06.14.17

Leadership Fellows spotlight: Robyn Hazlitt

By Robyn Hazlitt
Philanthropic Services Assistant
 

Almost nine months ago, I was accepted into Leadership Fellows Boulder County – a joint leadership development program of the Community Foundation and the Boulder Chamber. I joined a cohort of 31 Fellows from different backgrounds and business sectors, and I have loved getting to know and learn from each of them.

 
We have taken deep dives into subjects ranging from Boulder County economics to local government, planning and development, education, and health. Each session has provided the opportunity to learn from local leaders in these fields – and discover how ordinary members of our community are inspired to make a difference locally.
 
Dedicating a session each month to a different aspect of our local society has helped me gain a better understanding of how the many issues we hear about in the news all tie together. At least once during each session, I’ve had a “wow” moment about some surprising, key piece of information that I wish everyone knew.  
 
For example:
  • Our local economy exists thanks to a unique concentration of many huge business sectors, including the university, the aerospace industry, information technology, the national labs, natural foods, and the outdoor and fitness industries. Most counties our size would be lucky to have just a few of these industries, let alone sustain more than a handful as we do. Human services organizations also play a major role in our local economy, employing more than 2K people across Boulder County with an economic impact of $258M.
  • Last year, the Sister Carmen Community Center – a grantee of the Community Foundation – worked with 2,500 families through the foodbank, distributed 1.3M pounds of food, and provided $380K in assistance to 721 families in East County alone.
  • The average family that sought services from the Emergency Family Assistance Association last year – also a foundation grantee – has an annual income of $15K, 72% of which is earmarked for rent.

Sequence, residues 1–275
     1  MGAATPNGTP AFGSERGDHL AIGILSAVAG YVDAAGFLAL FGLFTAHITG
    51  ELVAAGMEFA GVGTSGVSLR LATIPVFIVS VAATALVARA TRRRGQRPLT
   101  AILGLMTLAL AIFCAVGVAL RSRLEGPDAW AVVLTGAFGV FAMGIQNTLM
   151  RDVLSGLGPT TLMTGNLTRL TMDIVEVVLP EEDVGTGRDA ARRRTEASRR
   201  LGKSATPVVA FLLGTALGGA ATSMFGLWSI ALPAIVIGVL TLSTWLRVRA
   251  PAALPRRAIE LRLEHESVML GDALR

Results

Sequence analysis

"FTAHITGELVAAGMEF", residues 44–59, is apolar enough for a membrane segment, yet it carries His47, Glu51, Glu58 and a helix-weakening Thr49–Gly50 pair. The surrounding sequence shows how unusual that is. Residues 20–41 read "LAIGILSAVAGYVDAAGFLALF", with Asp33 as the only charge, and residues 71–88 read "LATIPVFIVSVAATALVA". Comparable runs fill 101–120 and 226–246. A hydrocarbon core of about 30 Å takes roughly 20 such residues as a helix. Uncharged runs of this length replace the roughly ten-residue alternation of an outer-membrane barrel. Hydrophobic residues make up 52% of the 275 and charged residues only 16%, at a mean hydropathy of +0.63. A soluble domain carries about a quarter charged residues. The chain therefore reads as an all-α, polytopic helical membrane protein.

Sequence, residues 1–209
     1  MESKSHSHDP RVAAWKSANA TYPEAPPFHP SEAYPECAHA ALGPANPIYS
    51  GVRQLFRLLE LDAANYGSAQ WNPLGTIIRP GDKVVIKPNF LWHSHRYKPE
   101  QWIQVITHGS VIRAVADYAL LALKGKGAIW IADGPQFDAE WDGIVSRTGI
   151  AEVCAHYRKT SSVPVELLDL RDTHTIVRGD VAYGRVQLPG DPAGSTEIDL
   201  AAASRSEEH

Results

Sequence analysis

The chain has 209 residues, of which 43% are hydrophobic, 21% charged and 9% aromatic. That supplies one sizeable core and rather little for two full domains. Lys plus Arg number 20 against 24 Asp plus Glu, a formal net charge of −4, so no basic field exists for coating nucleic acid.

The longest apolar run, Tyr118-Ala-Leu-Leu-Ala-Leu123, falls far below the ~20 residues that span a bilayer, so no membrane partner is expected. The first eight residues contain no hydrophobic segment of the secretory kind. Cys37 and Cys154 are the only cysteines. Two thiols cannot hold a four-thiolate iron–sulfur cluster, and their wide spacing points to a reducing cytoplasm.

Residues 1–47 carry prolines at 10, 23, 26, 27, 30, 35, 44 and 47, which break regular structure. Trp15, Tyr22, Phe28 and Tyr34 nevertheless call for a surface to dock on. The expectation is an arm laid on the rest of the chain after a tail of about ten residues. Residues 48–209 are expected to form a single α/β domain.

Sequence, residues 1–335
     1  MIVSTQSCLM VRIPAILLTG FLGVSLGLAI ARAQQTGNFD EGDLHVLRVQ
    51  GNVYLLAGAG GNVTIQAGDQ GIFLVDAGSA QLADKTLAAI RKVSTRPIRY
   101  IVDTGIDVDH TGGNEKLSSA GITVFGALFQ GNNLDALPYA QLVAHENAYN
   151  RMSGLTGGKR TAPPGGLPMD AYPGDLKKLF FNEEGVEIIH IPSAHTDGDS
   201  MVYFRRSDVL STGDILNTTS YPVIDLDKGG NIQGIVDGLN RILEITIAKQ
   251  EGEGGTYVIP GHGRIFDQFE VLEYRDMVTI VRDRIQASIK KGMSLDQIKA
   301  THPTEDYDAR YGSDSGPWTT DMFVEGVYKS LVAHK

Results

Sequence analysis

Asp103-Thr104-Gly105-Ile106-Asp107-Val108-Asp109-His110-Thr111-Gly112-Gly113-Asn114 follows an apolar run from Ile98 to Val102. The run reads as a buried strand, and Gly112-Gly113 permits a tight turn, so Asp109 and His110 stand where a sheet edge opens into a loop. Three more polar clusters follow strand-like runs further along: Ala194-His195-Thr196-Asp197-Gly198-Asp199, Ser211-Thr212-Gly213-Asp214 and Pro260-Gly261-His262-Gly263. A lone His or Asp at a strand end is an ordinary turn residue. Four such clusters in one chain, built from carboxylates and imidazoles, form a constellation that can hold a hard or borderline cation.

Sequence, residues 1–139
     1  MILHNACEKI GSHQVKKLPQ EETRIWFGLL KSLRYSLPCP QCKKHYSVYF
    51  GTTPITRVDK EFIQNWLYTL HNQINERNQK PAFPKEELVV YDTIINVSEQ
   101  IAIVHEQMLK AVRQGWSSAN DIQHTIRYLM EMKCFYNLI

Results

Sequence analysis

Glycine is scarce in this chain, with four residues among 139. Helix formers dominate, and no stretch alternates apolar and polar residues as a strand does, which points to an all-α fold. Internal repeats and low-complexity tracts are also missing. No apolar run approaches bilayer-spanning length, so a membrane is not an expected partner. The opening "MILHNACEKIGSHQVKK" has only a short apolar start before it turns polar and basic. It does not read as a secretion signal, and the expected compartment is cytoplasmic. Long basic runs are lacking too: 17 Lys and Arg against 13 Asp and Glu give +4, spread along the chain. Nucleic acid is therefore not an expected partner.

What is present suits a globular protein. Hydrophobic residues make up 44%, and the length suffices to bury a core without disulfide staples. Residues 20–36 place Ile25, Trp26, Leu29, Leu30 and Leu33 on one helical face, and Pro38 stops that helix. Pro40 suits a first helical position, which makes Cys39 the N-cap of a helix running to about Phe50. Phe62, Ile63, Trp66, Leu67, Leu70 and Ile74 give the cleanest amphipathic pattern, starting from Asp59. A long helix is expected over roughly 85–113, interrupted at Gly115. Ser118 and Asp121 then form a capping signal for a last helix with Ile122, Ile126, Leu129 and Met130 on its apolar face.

• One thing that wasn’t so surprising to learn, since most of us have already personally encountered this challenge, is that there’s a lack of affordable housing in Boulder County. What is surprising, however, is that – according to the Community Foundation’s TRENDS Report – nearly 60% of renters in Boulder County are spending more than 30% of their income on monthly rent, and more than 30% of homeowners are doing the same. Indeed, as I write this blog, the National Low Income Housing Coalition released their annual report, which found that someone working a full-time minimum wage job could not afford a two-bedroom apartment anywhere in this country; in Boulder County, specifically, someone would need to earn around $25 per hour to afford a two-bedroom apartment.
  • And did you know that nearly 70% of our community members will rely on safety-net services at some point in their lifetimes?
  • At the same time, I was encouraged to learn that every dollar invested in arts and culture translates to $6-10 in economic impact.
  • Also notable to me: Boulder City Council members get paid at most $10K annually for 25-40 hours’ work per week. This is most likely a significant barrier for those without independent financial resources, and is probably why there’s a lack of diversity in these kinds of community leadership positions.
 
Everyone who becomes a Leadership Fellow agrees to join a nonprofit or government board or commission, run for office, or support a candidate or issue in the next election. Our cohort will graduate from the program later this summer – thinking of the Fellows I’ve gotten to know this year stepping up into leadership positions makes me very hopeful that we can meet and overcome the many challenges facing our community, our country, and our world.